A retired nurse on lockdown in Co Antrim has taken to writing poetry to shine a light on one of Northern Ireland's best known tourist attractions, which now lies deserted.
Manchester-born Lynda Tissington (82), who moved to Northern Ireland 60 years ago when her husband Jack helped build the M1, walks past the Giant's Causeway every day for her hour of exercise.
After finding the world-renowned beauty spot completely deserted the mother-of-four and grandmother-of-eight put pen to paper in verse to capture the eeriness and silence of the famous stones. "I have been locked down for eight weeks just because of my age," she says. "Although I am very fit, I go out for a walk every day and that's it.
"We have a system here in Bushmills, which is a wonderful community, where a lady gets me my shopping. My neighbours have all been very good if I needed anything.
"I walk along the coast, above where the Giant's Causeway is. I would know the stones well. When we have visitors we always take them there.
"I wrote the poem because the causeway is usually chock-a-block. There are tourist buses going up and down the roads. The big cruise ships bring bus loads of people down here. The paths are usually so busy, and there are far too many people at times."
But now Lynda is seeing things in a different light as there are so few people around. "I would walk along there, along the top looking down at the stones and it is so, so quiet. There isn't a soul around. It's quite eerie, but it is lovely. Usually when you're looking down there it is full of people.
"They look like little ants, walking all over the Giant's Causeway, climbing all over the stones and walking down to the bottom, the place they call the organ. It's such a lovely place, but it's even nicer now that it's gone all still and quiet and the flowers are all out on the paths going up there."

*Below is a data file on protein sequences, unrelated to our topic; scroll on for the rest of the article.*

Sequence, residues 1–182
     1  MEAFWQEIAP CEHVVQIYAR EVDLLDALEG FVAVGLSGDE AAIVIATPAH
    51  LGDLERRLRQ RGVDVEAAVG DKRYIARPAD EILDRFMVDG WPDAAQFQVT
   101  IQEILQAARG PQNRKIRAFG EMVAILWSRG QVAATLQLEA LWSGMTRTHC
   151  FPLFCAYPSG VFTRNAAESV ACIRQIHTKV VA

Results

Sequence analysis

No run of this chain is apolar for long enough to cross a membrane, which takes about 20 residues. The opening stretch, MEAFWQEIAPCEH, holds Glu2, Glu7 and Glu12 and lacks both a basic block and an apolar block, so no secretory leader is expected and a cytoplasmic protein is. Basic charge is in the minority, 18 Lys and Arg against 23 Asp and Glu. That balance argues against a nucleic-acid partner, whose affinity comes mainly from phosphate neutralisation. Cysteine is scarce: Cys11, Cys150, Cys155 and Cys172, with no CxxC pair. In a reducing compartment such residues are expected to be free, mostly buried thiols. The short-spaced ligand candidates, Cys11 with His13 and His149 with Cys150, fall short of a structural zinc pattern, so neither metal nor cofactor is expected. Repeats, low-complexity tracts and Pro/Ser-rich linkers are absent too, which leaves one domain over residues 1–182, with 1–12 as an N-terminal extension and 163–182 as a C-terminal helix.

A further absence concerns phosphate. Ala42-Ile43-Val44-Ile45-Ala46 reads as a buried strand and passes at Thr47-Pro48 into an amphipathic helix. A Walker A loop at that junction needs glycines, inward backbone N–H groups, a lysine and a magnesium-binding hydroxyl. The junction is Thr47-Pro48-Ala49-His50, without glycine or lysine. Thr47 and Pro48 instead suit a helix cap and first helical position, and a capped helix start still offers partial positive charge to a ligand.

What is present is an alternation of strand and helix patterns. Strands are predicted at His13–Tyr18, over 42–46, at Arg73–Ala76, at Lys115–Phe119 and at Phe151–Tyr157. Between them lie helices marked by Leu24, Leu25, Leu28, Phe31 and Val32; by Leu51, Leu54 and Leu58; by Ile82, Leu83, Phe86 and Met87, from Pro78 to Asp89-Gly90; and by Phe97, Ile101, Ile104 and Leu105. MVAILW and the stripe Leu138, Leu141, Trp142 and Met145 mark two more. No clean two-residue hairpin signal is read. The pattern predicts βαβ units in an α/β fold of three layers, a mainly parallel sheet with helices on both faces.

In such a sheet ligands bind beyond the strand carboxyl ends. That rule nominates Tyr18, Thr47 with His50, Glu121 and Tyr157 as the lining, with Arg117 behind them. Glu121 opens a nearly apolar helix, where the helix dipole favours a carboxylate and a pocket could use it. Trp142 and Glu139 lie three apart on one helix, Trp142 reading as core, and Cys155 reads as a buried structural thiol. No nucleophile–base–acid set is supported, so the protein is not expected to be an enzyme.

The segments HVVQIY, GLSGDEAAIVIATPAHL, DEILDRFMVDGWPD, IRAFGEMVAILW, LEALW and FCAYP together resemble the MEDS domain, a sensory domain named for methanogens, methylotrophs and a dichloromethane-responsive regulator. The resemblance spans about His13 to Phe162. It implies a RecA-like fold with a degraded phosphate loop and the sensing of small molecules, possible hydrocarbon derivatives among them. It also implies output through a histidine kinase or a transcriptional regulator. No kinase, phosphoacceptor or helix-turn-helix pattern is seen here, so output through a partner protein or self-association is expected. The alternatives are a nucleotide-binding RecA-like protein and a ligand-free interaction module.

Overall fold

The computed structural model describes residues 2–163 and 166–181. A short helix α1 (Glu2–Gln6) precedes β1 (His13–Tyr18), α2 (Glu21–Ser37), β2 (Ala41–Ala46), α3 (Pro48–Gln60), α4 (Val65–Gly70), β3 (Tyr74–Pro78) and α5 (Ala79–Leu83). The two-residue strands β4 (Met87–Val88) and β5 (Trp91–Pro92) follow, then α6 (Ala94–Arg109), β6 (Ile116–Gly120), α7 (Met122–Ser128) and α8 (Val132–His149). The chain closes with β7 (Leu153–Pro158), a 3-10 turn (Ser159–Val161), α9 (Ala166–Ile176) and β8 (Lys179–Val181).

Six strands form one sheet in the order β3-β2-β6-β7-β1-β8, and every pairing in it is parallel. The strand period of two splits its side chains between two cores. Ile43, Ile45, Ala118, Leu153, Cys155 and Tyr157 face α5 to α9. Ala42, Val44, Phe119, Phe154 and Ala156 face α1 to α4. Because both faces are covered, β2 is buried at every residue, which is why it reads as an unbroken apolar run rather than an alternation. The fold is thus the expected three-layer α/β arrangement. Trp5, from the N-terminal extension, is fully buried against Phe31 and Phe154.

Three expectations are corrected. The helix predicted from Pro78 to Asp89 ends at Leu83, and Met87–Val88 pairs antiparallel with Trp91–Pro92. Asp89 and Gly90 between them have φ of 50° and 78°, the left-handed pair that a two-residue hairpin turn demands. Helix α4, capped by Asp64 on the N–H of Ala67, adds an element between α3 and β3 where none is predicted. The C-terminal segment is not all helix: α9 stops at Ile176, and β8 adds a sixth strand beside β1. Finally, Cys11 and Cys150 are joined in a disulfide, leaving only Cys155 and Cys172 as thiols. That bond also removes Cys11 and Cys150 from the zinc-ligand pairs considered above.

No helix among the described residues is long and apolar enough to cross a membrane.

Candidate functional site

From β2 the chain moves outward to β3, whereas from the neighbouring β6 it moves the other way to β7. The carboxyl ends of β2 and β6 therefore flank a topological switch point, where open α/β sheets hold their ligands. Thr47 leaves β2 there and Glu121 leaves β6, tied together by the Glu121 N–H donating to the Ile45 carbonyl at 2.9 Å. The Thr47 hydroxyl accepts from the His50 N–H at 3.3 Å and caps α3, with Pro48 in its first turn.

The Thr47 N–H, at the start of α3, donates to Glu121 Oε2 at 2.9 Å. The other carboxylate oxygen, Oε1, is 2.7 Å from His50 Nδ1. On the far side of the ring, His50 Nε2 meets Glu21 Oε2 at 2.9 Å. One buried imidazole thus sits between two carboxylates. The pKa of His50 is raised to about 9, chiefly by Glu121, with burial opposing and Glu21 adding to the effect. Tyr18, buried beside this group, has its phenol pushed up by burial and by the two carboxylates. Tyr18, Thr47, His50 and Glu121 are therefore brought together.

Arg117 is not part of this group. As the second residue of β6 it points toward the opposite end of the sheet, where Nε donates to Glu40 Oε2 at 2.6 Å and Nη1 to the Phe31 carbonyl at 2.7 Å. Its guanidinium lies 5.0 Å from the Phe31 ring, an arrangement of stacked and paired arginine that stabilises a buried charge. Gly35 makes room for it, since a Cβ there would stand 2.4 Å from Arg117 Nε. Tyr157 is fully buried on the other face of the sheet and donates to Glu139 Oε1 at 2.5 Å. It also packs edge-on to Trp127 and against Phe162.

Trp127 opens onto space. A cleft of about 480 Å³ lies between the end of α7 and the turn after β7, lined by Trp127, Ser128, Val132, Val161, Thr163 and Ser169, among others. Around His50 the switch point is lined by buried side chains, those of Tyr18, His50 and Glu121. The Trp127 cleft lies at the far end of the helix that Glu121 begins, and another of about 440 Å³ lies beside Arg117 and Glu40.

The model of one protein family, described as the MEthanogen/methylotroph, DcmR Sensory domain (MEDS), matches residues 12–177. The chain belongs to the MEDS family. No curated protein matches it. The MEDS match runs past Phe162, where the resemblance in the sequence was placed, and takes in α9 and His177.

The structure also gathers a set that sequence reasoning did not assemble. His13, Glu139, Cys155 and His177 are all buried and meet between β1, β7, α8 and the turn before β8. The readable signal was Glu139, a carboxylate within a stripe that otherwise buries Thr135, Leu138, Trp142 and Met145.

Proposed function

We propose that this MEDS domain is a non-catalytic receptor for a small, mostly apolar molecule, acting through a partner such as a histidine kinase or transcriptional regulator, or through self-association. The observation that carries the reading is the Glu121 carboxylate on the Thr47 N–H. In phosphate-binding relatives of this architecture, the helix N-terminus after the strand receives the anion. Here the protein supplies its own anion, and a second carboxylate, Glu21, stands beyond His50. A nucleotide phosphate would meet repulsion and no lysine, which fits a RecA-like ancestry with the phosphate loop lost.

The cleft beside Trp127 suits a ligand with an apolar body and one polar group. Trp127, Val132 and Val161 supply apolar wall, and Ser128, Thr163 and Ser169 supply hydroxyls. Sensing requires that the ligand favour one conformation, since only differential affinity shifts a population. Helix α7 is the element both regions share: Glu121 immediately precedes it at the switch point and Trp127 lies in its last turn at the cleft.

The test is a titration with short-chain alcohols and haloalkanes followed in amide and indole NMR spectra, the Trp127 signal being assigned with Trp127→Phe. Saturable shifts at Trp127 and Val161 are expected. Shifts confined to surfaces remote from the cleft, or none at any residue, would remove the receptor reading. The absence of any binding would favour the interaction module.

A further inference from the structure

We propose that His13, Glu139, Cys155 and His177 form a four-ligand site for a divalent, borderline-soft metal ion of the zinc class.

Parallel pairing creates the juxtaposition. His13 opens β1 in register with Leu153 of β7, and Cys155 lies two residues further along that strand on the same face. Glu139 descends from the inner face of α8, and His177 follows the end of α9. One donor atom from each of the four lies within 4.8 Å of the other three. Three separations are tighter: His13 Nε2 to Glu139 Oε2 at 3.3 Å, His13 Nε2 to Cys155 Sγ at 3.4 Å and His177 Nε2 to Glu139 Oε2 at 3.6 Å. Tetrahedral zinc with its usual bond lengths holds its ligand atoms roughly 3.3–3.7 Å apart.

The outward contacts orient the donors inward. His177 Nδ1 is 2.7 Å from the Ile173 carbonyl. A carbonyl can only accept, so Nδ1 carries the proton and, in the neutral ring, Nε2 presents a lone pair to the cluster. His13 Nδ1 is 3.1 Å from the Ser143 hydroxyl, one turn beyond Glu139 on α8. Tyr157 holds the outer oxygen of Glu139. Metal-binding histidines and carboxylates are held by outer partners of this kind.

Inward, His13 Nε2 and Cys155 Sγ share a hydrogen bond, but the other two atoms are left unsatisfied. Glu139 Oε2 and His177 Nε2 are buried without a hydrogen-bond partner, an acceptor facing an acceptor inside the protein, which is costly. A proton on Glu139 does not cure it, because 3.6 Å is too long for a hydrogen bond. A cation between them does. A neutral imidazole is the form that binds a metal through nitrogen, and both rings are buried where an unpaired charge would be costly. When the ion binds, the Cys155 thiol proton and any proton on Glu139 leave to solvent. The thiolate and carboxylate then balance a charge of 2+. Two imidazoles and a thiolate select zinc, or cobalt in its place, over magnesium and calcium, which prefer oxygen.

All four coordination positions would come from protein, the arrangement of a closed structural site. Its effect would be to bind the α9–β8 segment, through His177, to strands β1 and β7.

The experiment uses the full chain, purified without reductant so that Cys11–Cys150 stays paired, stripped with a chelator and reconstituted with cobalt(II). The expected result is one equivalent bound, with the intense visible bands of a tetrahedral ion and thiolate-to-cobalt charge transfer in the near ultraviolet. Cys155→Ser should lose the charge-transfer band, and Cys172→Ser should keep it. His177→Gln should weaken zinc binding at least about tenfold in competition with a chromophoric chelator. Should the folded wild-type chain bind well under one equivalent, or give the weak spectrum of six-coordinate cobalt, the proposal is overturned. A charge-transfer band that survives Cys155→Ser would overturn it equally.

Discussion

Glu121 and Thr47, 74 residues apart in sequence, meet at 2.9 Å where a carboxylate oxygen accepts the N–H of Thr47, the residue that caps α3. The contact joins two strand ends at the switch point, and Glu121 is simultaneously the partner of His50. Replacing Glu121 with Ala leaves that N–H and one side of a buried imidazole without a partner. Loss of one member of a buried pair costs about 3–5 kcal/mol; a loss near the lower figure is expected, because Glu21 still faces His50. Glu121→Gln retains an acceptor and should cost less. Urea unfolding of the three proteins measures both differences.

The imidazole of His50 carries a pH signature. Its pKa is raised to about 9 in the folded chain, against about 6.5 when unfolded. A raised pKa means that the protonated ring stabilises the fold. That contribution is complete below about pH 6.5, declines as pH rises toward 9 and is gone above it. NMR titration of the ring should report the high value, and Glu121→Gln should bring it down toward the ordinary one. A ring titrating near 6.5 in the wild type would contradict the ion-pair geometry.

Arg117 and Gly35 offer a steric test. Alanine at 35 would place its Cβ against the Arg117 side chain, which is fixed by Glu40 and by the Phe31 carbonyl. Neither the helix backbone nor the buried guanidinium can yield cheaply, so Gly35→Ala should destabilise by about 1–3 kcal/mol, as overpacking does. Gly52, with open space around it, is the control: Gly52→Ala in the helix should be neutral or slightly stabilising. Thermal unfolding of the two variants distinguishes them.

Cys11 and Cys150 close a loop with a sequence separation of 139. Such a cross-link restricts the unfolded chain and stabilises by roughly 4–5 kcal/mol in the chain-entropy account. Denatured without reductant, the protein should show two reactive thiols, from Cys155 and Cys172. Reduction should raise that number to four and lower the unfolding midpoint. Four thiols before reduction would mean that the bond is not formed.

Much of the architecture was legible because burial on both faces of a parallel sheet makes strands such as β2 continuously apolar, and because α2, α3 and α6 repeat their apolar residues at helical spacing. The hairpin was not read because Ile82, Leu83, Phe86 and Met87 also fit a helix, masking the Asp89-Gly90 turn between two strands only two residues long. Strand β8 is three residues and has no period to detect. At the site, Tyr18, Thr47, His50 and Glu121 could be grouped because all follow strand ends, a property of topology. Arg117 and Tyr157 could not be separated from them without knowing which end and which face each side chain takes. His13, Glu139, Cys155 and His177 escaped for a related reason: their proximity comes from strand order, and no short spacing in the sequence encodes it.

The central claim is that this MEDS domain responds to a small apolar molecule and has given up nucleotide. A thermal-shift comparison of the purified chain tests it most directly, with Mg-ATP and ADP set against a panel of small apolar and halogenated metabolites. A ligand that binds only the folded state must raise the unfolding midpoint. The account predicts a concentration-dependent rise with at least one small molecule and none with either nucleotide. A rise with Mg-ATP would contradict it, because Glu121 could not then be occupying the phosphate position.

It was the stillness that inspired her to write the poem.
"I wrote the poem after being out for an hour and not seeing one other person. The path going up to the causeway was empty, as was the golf course and the beach.
"I was inspired by the causeway, I saw the main columns standing around like a gaggle of girls gossiping. And I had never seen them clearly like that before. I was just meandering about and it came to me. These are such strange times, hopefully people will be back on them again soon.
"I write little things from time to time, but I'm not a poet. I have nothing else to do, so I thought I'd do that. It's the first poem I have written.
Lynda says, like many people of her generation, she is trying to cope with the isolation of lockdown.
"I am an avid reader, I'm doing jigsaws and I like to walk every day," she says. "I miss the people, a lot of people my age miss the company.
She added: "It's a funny old time and it's hard to believe when you wake up in the morning it's happening and it's not going to go away for a long time."
Here we girls stand
Clustered together in our columns
Sunshine on our heads
Our feet in the sea…and silence!
No longer do people come
Clambering over us in their heavy boots
Screaming and shouting in many tongues
Poking and touching us in sometimes intimate places!
This is our respite, time to breathe
Time to smell the flowers...
But we've been here thousands of years
We're going nowhere
And in months to come we'll welcome you back
We'll all be refreshed and life will go on
We girls still standing tall in our columns.